Editing to add: Somehow I missed noting what book this review is for! It's for Identical by Ellen Hopkins.
(Hey, I'm blonde. These things happen.)
The plot: Kaeleigh and Raeanne are identical twins who, like Elizabeth and Jessica, are as different on the inside as they are on the outside. Their contempt for one another is as strong as their love. Raeanne tells the reader that her sister's personality is more like her mother's, hard and cold, shutting people out emotionally, and it may be these traits that draw their father to Kaeleigh. Raeanne is jealous of the attention Kaeleigh gets from their father, even though she knows full well that her father sexually abuses Kaeleigh. Even though she's the braver of the two twins, she's not brave enough to take a stand against their father. She forgets her sorrows with pot and promiscuity and the occasional Oxycontin stolen from her father's medicine cabinet. Their mother, a politician, is away for most of the time campaigning. Of course, no situation so volatile can last forever. Kaeleigh and Raeanne hit rock bottom, a moment that reveals many family secrets that, while painful, ultimately do them some good.
My thoughts: For me, there's way too much in this book. It's got bulimia, cutting, pot smoking, drinking, sexual abuse, prescription drug abuse, estranged family members, inappropriate relations with teachers, questionably consensual sexual violence (I don't call it BDSM, because the whole point of BDSM is that it is supposed to occur between consenting adults who have safety parameters in place), and one very sneaky, very evil plot twist. I was absolutely exhausted 250 pages into this 565-page book. I also felt like I'd read better from Ellen Hopkins. To me, this book didn't stand out from her other works. I've said before on YALSA-BK that Hopkins, writing wise, reminds me of Britney Spears. Britney Spears is a terrible singer who sings pretty good songs. Hopkins is the mirror image of that, a good writer who writes books I don't really enjoy. There is no one singular plotline to follow here; it's more a series of connected events. Like all of Hopkins's previous works, it's in verse, making it visually appealing.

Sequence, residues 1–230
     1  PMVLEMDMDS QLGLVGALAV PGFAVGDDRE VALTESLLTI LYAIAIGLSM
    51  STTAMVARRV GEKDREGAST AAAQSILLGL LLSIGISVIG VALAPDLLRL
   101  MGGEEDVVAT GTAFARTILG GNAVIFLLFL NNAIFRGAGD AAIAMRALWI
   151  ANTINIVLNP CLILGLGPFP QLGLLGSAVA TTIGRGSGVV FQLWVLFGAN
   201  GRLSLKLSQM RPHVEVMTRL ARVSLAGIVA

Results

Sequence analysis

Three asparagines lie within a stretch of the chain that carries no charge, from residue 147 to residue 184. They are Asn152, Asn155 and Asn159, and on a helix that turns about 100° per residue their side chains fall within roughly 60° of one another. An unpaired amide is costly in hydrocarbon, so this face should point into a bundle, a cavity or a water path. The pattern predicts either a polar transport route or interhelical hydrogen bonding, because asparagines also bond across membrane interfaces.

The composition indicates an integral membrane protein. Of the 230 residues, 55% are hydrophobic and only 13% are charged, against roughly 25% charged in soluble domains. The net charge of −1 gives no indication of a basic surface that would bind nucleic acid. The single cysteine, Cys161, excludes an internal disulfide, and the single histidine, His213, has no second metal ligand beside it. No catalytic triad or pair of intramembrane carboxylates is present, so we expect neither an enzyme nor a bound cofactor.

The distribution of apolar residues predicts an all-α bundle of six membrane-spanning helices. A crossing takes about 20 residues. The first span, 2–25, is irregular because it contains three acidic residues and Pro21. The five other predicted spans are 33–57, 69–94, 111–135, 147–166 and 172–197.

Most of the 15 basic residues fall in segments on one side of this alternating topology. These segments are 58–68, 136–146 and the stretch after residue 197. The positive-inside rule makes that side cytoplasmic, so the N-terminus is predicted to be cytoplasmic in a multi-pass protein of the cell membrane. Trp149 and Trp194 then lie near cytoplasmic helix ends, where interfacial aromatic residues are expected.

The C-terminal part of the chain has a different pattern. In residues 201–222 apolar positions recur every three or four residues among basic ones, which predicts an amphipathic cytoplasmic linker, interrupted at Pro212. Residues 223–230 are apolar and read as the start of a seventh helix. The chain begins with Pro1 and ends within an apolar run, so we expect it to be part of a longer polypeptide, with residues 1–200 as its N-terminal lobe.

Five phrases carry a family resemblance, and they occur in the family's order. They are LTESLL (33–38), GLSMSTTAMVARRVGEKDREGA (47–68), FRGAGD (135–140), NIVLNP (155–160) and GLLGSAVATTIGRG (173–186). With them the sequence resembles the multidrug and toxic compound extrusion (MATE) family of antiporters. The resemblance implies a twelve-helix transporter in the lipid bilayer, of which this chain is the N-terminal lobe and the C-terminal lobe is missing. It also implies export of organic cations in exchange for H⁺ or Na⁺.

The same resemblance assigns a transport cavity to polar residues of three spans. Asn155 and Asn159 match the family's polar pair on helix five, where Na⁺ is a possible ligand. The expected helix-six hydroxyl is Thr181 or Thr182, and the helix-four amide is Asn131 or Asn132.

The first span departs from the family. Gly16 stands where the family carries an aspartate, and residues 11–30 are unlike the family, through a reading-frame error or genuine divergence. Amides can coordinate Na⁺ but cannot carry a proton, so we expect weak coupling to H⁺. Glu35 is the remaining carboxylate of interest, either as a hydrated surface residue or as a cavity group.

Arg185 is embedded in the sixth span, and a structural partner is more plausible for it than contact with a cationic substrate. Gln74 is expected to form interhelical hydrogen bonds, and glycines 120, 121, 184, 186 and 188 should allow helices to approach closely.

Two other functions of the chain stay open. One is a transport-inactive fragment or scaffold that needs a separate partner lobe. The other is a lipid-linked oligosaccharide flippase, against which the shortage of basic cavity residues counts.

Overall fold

But don't write it off just yet: Even though this book is not among my favorites of the year, I will say this: Ellen Hopkins knows her audience. She really has a handle on so many teen feelings and she knows what teens want to and have to read about. After hearing her speak at a dinner at ALA, I know she is also a compassionate person with a need to tell these stories, to let teens in rough situations that they are not alone and someone out there does care about them. I know that in junior high, this is exactly the kind of book I'd have gone for. If I were a teen today, all emotions being equal, I'd probably be emailing Hopkins to tell her how much I love her books. Is Identical going to win the Printz? Probably not. But it is an important book, one that a lot of teen readers will really like and one that many libraries should purchase. Perhaps it will even give one or more teens in difficult situations, family or otherwise, the strength to reach out and get help.
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